October 17, 2021

The Queens County Citizen

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CDC: Quarantines can be reduced from 14 to 10 or 7 days

CDC: Quarantines can be reduced from 14 to 10 or 7 days

This action reflects the agency’s finding that the two-week quarantine rule is burdensome to many and that public health benefit can be obtained through a much simpler approach by detaining infected people.

The CDC agreed that the new guideline would include a trade-off. The current 14-day recommendation reflects the virus’s incubation capacity before symptoms appear. But a lack of consent – for example, among people who do not want to talk to contact tracers who fear that they or their friends or family members will lose a job or two weeks of income – could undermine the public health benefit from that standard.

“Instead of reducing the burden that will help us better control this epidemic, we accept some risk,” said a senior federal official, who spoke on condition of anonymity to provide context for guidance ahead of the CDC news briefing. In the morning.

CDC officials also announced new guidelines for testing before and after travel: anyone planning a trip should get a test one to three days in advance and be tested again three to five days after return. And the agency reiterated its Thanksgiving recommendation against travel The holiday comes amid an increase in coronavirus infections across the country, which are filling hospitals with Kovid-19 patients and taking an average of more than 1,500 lives every day.

“Cases are on the rise. Hospitalizations are on the rise. Deaths are on the rise. We must try to reverse the curve. We really ask the American people to wash, to mask and to maintain distance. “

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Cindy Friedman, head of the CDC’s travel branch, said over the Thanksgiving weekend, despite her agency’s recommendations, millions of people traveled and “it could translate into hundreds of thousands of additional infections.”

The 14-day quarantine recommendation from the CDC is in effect, but Walke said the revised guidelines for public health agencies provide two “acceptable alternative detention periods.” If a community has adequate testing resources, the quarantine will end after just seven days if the person has tested negative for the virus at some point in the last two days. The test may be a rapid-response antigen test or a more reliable PCR test that may take longer to process.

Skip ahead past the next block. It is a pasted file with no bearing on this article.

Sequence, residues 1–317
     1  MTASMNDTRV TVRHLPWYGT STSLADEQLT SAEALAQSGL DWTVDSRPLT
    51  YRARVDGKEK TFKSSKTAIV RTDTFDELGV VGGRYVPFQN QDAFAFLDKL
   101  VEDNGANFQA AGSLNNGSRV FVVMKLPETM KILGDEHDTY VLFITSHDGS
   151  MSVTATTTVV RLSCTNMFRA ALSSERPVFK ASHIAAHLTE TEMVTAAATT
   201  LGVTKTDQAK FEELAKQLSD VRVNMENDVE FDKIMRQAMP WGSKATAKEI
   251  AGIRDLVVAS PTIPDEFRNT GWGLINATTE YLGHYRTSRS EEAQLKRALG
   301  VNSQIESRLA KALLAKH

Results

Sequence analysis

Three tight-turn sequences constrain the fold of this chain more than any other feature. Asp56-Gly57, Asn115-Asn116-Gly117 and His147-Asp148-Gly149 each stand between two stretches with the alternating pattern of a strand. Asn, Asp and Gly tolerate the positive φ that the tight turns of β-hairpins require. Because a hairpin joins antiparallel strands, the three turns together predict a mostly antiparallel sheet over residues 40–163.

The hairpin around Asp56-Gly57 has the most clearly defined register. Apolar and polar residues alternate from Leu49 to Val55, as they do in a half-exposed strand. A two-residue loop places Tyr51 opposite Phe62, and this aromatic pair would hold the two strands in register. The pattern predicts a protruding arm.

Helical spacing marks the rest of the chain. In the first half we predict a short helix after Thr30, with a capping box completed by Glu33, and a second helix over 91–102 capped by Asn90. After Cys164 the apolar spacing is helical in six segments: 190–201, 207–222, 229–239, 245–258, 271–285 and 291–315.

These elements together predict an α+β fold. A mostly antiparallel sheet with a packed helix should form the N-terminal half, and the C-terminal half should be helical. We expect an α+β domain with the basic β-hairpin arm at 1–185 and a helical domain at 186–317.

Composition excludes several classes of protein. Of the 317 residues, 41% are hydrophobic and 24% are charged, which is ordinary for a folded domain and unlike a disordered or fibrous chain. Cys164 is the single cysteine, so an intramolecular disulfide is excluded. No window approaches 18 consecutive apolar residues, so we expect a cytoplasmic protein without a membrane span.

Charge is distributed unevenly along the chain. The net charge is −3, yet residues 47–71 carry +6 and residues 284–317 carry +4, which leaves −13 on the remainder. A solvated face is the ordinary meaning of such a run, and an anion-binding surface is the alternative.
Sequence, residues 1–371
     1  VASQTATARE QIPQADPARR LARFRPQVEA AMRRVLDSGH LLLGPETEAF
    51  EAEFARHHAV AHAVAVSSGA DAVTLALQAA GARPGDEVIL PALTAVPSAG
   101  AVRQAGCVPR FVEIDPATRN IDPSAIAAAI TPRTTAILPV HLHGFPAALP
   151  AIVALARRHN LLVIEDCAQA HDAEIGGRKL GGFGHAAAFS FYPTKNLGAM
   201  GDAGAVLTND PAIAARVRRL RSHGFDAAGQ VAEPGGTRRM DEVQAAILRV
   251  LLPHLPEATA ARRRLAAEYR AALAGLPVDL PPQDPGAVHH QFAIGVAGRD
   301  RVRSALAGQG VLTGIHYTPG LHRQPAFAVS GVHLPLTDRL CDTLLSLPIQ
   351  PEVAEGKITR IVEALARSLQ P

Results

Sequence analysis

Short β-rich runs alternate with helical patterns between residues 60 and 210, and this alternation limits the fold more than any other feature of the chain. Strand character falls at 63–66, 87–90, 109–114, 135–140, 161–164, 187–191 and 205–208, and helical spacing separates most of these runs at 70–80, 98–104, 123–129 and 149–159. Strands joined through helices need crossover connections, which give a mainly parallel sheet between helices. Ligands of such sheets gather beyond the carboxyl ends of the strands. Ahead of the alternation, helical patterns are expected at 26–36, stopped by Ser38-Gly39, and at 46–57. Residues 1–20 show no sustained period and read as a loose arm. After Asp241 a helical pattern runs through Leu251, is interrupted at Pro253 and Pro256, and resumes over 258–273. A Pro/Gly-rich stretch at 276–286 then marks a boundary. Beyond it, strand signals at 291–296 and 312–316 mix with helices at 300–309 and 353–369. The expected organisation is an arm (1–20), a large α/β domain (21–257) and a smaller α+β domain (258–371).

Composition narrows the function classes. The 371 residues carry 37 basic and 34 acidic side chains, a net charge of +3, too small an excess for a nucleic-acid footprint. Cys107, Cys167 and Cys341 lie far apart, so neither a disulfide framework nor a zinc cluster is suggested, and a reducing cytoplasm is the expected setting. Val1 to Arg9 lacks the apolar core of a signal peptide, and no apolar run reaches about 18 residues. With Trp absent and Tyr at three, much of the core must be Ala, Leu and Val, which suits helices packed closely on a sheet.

Alternatively, if a person monitors potential symptoms such as fever on a daily basis and none at all, detention ends without testing after 10 days. Even if detention is stopped, the exposed person is expected to continue to monitor symptoms and continue to wear the mask for a full 14 days.

The CDC has decided to devise a confinement policy that will capture most infections, but will lead to greater compliance. John Brooks, chief medical officer for the CDC coronavirus response, said anyone calling the local public health department as part of a contact-tracing effort would be more likely to answer the phone.

“If a person wants to be more compliant with less restraint, they are even more willing to share the names of potential contacts,” Brooks told the News briefing.

Brooks said the risk of “residual post-quarantine transmission” was 5 percent and the upper limit was 12 percent for CDC scientists to suspend detention after seven days. Under the new guidelines for those in detention for 10 days, the risk drops to 1 percent, with a 10 percent upper limit.

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News of the revised guideline was welcomed on Wednesday by two leading infectious disease experts.

“Behind the scenes, many of us are appealing to the CDC to move forward with this, because I think it’s in the best interest of public health, and it’s in the best interest of the economy, and it is in the best interest of mental health,” said William Schaffner, professor of infectious diseases at Vanderbilt University Medical Center. . “Success around it.”

Jennifer Nujo, an epidemiologist at the Johns Hopkins Center for Health Security, also welcomed the amendment to the CDC guideline, saying that many people infected with the virus will focus on the risk of infection. Right now, she says, contact-tracing efforts are thwarted by “deep involuntaries” to detain people.

“The seven- or ten-day quarantine recommendation may be easier for people to bear and may hopefully help us gain more contacts of cases to better initiate efforts to stop the spread of the virus,” Nujo said in an email Wednesday.

Quarantine applies to people who have been infected with the virus but have not been diagnosed with an infection or illness. The goal is to isolate them from the rest of the population to prevent the virus from spreading if they are infected.

The virus incubates at breakneck speed. Symptoms may not appear for several days or two weeks and in rare cases may not appear for a long time. One or two days before the symptoms appear, people may have infections in others.

What makes this pandemic even more difficult is that 20 to 40 percent of those infected never develop symptoms, and the CDC says the virus has the potential to spread to others.

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This is a developing story.